Is a ‘Privacy Bill of Rights’ Unlikely Under a Romney Administration?Written by Richard Newman
October 21, 2012 # 4:41 pm # Legal Challenges, Specials # One Comment
Many are curious about what moves a Romney administration might make as it pertains to the ever-growing debate about domestic digital consumer privacy protections and data-handling practices.
It is no secret that Romney is critical of over-regulating business. So, is it safe to assume that the often discussed executive branch initiatives urging Congress to enact a “privacy bill of rights” would face difficult prospects should Romney win the upcoming presidential race?
Recently, when asked about what consumer privacy initiatives Romney might pursue should he be elected, a campaign spokeswoman stated that today’s commercial landscape “requires trust between consumers and businesses” and that Romney “will review the regulatory regime to ensure that strong and transparent protections are in place.”
In order to find a balance between business and consumer rights, one must begin by recognizing that a continuing regulatory sledgehammer is not good for the economy. The Internet is driven by content made available to consumers for free. In exchange, consumers implicitly agree to provide an advertiser the opportunity to present them with timely and relevant displays or ads that actually improve their experience. Simply put, the generation of advertising revenue permits the generation of free content.
Over regulation threatenes to end the depth and variety of ad-supported free content and services on the Internet. Thus, regulatory actions must be cautiously tempered and only legitimate privacy concerns considered. If regulators and privacy advocates are not careful, their brand of digital exceptionalism could harm the very consumers that they purport to protect.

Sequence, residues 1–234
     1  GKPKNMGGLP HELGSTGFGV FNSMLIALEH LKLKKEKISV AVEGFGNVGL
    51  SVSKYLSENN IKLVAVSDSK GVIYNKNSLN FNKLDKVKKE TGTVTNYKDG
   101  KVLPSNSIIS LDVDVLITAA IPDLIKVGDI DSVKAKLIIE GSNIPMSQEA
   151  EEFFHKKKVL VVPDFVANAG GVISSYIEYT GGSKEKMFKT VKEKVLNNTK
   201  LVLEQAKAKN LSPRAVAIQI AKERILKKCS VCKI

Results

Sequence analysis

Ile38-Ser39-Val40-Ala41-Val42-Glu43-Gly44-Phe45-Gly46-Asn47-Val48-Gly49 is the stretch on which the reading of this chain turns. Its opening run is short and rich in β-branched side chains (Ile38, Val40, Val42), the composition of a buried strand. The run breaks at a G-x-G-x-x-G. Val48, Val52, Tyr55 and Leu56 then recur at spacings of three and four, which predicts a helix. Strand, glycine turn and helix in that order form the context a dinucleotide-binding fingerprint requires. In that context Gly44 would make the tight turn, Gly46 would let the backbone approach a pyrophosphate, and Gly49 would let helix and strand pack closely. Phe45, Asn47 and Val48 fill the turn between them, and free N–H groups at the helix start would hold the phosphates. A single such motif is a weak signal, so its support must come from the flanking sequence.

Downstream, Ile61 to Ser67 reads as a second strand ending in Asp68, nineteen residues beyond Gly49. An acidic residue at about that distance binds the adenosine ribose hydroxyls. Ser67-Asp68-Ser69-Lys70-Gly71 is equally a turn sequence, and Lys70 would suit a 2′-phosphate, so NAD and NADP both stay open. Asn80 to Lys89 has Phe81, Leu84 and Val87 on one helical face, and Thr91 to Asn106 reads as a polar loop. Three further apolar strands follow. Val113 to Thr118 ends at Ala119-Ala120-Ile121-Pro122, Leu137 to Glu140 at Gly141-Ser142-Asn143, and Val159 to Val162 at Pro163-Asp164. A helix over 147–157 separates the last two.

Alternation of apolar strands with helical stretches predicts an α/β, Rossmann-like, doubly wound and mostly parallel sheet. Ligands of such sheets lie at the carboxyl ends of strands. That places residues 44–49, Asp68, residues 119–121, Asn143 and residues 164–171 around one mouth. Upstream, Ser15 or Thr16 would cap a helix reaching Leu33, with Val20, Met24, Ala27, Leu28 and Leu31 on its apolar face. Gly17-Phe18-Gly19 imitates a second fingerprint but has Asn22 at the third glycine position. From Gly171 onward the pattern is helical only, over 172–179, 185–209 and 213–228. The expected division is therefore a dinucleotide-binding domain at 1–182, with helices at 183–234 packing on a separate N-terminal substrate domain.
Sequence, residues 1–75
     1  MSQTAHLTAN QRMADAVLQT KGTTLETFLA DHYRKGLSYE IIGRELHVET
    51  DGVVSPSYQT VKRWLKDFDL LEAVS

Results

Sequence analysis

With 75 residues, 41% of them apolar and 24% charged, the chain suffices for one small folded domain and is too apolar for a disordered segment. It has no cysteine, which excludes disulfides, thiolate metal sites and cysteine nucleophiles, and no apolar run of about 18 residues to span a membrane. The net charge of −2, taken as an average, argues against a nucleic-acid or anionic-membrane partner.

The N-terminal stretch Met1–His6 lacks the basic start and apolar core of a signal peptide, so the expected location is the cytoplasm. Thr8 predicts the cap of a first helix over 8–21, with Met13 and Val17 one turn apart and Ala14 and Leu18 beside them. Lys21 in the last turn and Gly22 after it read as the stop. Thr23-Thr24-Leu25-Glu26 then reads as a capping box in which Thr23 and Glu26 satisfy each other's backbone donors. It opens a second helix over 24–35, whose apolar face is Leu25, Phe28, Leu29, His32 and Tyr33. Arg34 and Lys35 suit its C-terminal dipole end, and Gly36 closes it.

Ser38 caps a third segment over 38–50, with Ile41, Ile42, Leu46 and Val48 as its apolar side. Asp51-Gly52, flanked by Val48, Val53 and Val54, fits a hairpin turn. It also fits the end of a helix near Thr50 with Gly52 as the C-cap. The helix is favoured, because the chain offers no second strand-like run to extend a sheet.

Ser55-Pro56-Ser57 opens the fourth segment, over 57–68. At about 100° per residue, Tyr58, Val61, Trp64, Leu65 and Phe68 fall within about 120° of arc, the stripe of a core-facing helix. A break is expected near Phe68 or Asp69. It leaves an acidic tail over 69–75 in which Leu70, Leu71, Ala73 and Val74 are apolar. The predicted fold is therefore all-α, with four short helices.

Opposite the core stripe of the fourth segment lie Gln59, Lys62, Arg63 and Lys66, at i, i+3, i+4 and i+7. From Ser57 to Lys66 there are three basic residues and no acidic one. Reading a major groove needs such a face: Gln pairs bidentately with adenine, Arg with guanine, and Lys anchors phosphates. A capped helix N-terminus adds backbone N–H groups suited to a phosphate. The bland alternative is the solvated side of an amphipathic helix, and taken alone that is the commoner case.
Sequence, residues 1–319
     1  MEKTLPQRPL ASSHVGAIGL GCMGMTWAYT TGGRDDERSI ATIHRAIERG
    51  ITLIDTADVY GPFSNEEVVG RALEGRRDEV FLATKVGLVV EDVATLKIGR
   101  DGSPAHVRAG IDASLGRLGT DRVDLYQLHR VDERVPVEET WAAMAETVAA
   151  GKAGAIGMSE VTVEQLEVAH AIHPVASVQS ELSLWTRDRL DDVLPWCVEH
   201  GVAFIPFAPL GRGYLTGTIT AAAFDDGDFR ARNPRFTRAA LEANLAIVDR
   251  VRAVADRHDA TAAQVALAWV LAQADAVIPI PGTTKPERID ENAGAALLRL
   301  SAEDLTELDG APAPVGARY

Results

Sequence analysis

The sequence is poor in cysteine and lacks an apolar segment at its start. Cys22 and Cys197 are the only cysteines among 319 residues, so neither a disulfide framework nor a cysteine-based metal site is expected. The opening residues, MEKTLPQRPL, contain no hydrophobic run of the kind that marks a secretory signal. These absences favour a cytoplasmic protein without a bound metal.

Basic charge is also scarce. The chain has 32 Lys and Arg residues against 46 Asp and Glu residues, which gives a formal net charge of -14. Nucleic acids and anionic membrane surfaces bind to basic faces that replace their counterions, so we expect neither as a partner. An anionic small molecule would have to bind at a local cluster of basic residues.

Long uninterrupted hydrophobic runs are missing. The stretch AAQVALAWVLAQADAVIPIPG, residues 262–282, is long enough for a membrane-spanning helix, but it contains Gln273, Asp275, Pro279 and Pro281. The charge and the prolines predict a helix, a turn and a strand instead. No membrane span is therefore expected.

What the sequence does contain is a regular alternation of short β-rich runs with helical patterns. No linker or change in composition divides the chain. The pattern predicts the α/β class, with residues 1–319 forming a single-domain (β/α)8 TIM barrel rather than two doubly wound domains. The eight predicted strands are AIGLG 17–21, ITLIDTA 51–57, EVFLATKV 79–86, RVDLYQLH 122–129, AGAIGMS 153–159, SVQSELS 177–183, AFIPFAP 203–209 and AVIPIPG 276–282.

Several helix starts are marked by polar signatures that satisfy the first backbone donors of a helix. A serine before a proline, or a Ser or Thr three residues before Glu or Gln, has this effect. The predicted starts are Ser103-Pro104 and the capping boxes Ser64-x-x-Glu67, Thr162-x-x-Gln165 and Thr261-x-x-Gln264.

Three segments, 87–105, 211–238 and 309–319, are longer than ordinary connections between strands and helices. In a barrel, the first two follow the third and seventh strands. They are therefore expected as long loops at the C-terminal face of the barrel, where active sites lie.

Republicans have, at least for the time being, put the brakes on White House privacy initiatives in order to critically examine potential impact on business. At the same time and in conjunction with the National Telecommunications and Information Administration, the Obama administration is moving forward with the design and development of voluntary digital privacy codes of conduct based on its proposed “bill of rights” legislation. Under the plan, a company’s failure to implement a privacy code after committing to doing so could be treated by the Federal Trade Commission as having violated Section 5 of the FTC Act which prohibits unfair and deceptive practices.
The Romney campaign website currently has nary a word regarding privacy, identity theft or even technology policy. Given the foregoing, including Romney’s regulatory restraint, it hardly appears likely that current initiatives to improve consumer privacy without relying heavily upon industry self-regulation will continue in the same form and scope under a Romney administration.
Information conveyed in this interview/article is provided for information purposes only and does not constitute, nor should it be relied upon as legal advice. This information is not intended to substitute for obtaining legal advice from an attorney. No person should act or rely on any information in this article without seeking the advice of an attorney.